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Hieroglyph: Stories and Blueprints for a Better Future
Neal Stephenson
Ukraine: Zbig's Grand Chessboard & How the West Was Checkmated
Natylie Baldwin, Kermit D. Larson
The Girl on the Train: A Novel
Paula Hawkins
Our Souls at Night: A novel
Kent Haruf
Above the Waterfall
Ron Rash
On Writing: A Memoir of the Craft
Stephen King
Designs on Film: A Century of Hollywood Art Direction
Cathy Whitlock
The Homicide Report: Understanding Murder in America
Jill Leovy
Dead Wake: The Last Crossing of the Lusitania
Erik Larson
The Gods of Mars
Edgar Rice Burroughs
The Hungry Ocean: A Swordboat Captain's Journey - Linda Greenlaw In The Perfect Storm, Sebastian Junger offered Greenlaw a shout-out, describing her as “one of the best sea captains, period, on the East Coast.” The Hungry Ocean is Greenlaw’s story. She offers a reasonable share of personal history, tells of the social up and down sides to spending so much of her life on the water, communicates effectively her love of the sea, but most of all, this book give us detailed descriptions of what it is to work as a fisherman. There is a sometimes painful level of detail in her telling, with work-specific jargon enough to fill a small dictionary. I enjoyed her descriptions of her crew members past and present. She succeeds in communicating much of the danger involved in this life-threatening career, from the elements, inadequate crewmen, competing captains and an unforgiving market. Next to the term “hard work” in any dictionary there should be an illustration of a fisherman. The work sounds exhausting.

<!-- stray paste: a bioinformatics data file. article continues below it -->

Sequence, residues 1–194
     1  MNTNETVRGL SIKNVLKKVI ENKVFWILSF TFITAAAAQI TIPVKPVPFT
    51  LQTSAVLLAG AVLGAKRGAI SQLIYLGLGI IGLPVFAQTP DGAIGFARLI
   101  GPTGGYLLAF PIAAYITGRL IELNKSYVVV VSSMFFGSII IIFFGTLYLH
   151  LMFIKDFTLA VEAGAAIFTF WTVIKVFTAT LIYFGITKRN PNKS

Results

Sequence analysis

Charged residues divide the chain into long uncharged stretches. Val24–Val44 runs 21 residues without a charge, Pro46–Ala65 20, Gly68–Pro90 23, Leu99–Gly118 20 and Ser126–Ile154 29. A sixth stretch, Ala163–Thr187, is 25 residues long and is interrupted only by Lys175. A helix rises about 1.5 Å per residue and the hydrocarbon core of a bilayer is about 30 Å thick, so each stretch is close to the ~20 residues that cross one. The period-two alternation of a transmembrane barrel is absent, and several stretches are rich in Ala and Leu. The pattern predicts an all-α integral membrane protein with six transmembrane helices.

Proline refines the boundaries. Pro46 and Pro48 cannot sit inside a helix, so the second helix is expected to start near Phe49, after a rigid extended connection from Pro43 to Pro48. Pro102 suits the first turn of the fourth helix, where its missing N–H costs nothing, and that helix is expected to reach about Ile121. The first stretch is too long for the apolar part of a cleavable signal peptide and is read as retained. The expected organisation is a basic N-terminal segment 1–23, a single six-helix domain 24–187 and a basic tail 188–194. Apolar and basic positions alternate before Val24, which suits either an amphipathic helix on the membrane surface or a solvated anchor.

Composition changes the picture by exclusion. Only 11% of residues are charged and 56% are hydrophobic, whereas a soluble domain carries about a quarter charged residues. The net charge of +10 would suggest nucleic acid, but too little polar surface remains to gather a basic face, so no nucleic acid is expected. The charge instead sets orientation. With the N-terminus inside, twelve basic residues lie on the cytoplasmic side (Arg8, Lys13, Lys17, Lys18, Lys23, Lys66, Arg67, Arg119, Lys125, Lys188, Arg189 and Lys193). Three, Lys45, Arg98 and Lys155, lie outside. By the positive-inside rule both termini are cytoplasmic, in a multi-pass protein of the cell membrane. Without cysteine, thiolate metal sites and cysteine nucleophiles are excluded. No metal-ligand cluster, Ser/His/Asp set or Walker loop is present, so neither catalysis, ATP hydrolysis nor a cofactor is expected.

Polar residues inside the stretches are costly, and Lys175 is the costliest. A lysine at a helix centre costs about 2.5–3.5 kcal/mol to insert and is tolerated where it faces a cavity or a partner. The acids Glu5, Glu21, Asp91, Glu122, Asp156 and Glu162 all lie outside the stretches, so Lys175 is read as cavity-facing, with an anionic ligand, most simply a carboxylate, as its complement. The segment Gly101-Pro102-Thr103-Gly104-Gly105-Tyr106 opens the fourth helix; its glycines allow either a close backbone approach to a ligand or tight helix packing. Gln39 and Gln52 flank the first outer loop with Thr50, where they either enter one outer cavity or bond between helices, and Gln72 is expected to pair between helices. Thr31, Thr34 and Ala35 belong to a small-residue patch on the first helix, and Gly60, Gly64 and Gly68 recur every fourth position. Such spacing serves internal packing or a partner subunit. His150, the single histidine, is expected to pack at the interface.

I was surprised that she seemed to have little appreciation for the effects of overfishing on the sea’s ability to continue offering up an adequate supply of fish.

This is not a great read. Junger is in no danger of literary competition here. But Greenlaw succeeds in her mission of letting the rest of us know what it takes to put on the table the fish we eat. In that regard, the hold is full and she is steaming home to port.